Dead Ink’s Know Your Place: Essays on the Working Class By the Working Class (which is visually stunning, a beautiful object, red black: urgent and handsome) features pieces from Kit de Waal, Sam Mills (author and co-director of Dodo Ink Press), Wally Jiagoo, Lee Rourke, Catherine O’Flynn and Andrew McMillan, among others. There's a great spread of emerging and established writers working in a variety of genres. I discovered new voices here; my favourite is probably Ben Gwalchmai, whose ‘Where There’s Shit, There’s Gold’ is beautiful and funny and, with my own heritage mirroring his, an essay that prompted painful exploration of my mother’s will to leave rural Wales, heft herself from a farming background and become middle class, defined for her by ‘thinking and reading’. Ben’s essay reflects with excoriating clarity on heritage, imagination and valuing both opportunity and graft. And he's got a wonderful comic touch.

What Nathan Connolly, Director of Dead Ink and editor of this collection has done here is to curate writing which covers mental health, opportunity, ‘Reclaiming the Vulgar’ (I loved this piece by Kath McKay, which unpicks quite brilliantly the lack of insight and vapid contradictions from those who consider themselves arbiters of good taste), living on a estate and what it has gifted Gena-mour Barrett, and learning, in Peter Sutton’s survey of his and others’ education. Connolly has created an important survey of ‘what being working class actually is’, and concludes the collection with: ‘Delegitimizing the working class is a step towards removing working class voices . . . we need to expect the working class to be educated, intelligent, perhaps even cultured . . . otherwise we’re just telling them to know their place.’ Kafka said that a book must be like ‘an axe for the frozen sea within us’; that the book we are reading ought to waken us with ‘a thump on the skull’. That’s what this collection does, but with courage and humour, too.

And so to Protest: Stories of Resistance by Comma Press. For me, the most impressive thing about this book, which comprises short stories inspired (and arranged chronologically) from The Peasants’ Revolt of 1381 to the anti-Iraq war demonstration of 2003, is its placing of fiction alongside factual accounts. It has the solidity of a work of scholarship, and I know from corresponding with Comma that this work is ongoing. It seems obvious when I look at it, yet I cannot recall seeing an anthology having the temerity to do this. Ra Page, the book’s editor, writes of their insistence that ‘once the authors had chosen their protest, they then worked with an expert . . . to maximise their story’s verisimilitude’. And that’s just what has happened; it reads like a storybook and a document. And it seeks to remind us of the continuum of history. In a time when it feels hard to be British as Brexit divides us, the book – with its superb introduction – is a reminder of our history of protest and a prod to keep going. It also makes us look at those others we may not even see, such as the thousands of night cleaners across Britain whose lives you never observe but on whose work you may depend There are hundreds of thousands in London alone, and with wages ‘lower, relatively, than they were at the end of the 20th century’. In Maggie Gee’s ‘May Hobbs’, we look at the world of a cleaner, uncomfortable with her role, but with a mother keen to instil in her a new pride. This sits alongside Professor Sally Alexander’s very personal account of Women’s Liberation in 1970s London, including a description of the aforementioned May Hobbs, who was blacklisted by employers because she urged her colleagues to form a union. I want, I need to know all this. Feel compelled to know. And I recall Kafka’s thought on the book as an axe. He didn’t say that the same book couldn’t be beautiful or lyrical – and the stories in this Comma anthology are.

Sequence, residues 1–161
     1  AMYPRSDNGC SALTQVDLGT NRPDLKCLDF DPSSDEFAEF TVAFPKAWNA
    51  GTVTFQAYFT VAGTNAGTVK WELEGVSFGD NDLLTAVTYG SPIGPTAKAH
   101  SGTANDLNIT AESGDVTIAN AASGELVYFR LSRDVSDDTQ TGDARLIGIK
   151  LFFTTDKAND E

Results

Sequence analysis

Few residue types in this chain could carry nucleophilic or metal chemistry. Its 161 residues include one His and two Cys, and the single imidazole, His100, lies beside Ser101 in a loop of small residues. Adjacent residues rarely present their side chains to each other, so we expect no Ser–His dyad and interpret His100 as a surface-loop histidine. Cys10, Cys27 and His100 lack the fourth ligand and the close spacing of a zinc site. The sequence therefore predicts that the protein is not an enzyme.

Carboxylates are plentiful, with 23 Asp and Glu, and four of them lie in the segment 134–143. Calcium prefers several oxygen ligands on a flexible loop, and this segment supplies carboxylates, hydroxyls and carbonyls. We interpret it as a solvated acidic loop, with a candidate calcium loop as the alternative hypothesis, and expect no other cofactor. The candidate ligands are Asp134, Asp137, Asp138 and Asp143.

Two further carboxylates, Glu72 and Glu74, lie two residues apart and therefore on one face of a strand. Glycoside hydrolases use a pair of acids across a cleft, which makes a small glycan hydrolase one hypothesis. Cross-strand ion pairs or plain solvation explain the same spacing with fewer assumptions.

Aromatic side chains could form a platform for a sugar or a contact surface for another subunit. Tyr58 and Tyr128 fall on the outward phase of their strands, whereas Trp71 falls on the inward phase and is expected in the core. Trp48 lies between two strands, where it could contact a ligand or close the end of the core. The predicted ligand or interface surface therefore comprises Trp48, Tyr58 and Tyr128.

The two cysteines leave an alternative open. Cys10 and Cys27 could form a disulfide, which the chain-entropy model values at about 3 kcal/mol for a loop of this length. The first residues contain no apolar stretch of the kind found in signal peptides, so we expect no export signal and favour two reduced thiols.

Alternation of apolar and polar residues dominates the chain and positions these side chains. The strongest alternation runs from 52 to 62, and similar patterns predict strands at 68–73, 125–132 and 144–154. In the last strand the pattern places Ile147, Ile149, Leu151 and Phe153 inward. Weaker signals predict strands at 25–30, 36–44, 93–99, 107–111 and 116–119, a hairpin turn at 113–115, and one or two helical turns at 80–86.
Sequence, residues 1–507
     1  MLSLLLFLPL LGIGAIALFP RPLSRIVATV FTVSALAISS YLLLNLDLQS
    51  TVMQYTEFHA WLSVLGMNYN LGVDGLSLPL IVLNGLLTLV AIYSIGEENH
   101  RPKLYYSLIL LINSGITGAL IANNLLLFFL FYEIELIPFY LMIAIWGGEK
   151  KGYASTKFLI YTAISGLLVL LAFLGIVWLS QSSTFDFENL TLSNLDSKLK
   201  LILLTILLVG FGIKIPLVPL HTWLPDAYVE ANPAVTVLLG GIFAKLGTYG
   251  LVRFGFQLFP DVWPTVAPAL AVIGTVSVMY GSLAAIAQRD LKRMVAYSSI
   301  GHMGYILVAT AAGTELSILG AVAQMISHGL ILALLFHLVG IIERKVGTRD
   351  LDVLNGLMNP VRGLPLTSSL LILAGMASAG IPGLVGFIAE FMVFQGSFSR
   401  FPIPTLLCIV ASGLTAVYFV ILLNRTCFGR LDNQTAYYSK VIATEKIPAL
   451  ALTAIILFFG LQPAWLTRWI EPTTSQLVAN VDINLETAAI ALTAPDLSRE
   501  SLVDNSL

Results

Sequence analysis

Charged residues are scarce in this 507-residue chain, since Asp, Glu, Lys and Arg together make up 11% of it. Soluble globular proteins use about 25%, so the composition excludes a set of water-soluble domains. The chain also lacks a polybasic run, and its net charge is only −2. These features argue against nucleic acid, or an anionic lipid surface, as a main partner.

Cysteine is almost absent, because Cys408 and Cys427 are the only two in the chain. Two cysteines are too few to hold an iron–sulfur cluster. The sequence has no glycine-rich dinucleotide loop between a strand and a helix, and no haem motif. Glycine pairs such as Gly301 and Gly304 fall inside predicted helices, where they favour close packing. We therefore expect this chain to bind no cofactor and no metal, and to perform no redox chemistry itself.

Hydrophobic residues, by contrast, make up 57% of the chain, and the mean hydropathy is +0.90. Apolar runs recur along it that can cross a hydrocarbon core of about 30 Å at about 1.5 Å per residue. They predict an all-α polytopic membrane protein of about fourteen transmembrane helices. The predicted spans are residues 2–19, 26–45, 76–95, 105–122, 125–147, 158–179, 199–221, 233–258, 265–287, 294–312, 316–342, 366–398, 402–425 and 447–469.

Looking forward to 2018, Unbound continues to forge ahead with more mixed anthologies. Readers likely already know of their 2016 collection The Good Immigrant, edited by the award-winning author Nikesh Shukla, which gathers twenty British Black, Asian and Minority Ethnic writers and artists to reflect, in essays, on race, immigration and being ‘other’ in today’s Britain. Next year we have 24 Stories, edited by Kathy Burke, in aid of the Trauma Response Network supporting those affected by the Grenfell disaster. Also to come is Others, a mixed-form book edited by the psychologist and writer Charles Fernyhough, with pieces by Salena Godden, Matt Haig, Noam Chomsky, Kamila Shamsie, A.L. Kennedy and Rishi Dastidar. The anthology aims to open eyes, shift perspectives, and ‘make the homely strange and the exotic familiar – but with an unflinching eye on today’s social inequalities and the thirst for political change’. Net profits will be donated to Refugee Action and Stop Hate UK.

Another collection to look forward to next May is Bluemoose’s Seaside Special – Postcards from the Edge. Unpublished authors were invited to submit stories and have the opportunity of publication alongside established writers: an excellent example of outreach. ‘We're looking for surprising perspectives and diverse voices’ said the press release, requesting texts set on the north-west coast to stand alongside work by Andrew Michael Hurley and Paul Kingsnorth, under the editorship of Jenn Ashworth. So you see this book has quite a pedigree. Small presses regularly punch above their weight. And I love it.

So, 2017, a bad year perhaps – have you shed tears, too? – but quite a year for small press anthologies: inspiring debate, but also comforting and cheering, and occasionally chilling – as in the case of Andrew Michael Hurley’s story, ‘While the Nightjar Sleeps’, in the current Salt anthology. Read it; you won’t forget it. Let us return to Salt’s list of aims behind their mixed anthology: ‘Outreach, delighting readers, finding new readers, celebrating writers at all stages of their creative lives, curating, presenting, sharing cultural excellence, building a community, sharing a space, collisions and surprises.’ I don’t know about you, but those last things – the community; the sharing; the collision; the surprise – are what I’d like most in my life for 2018.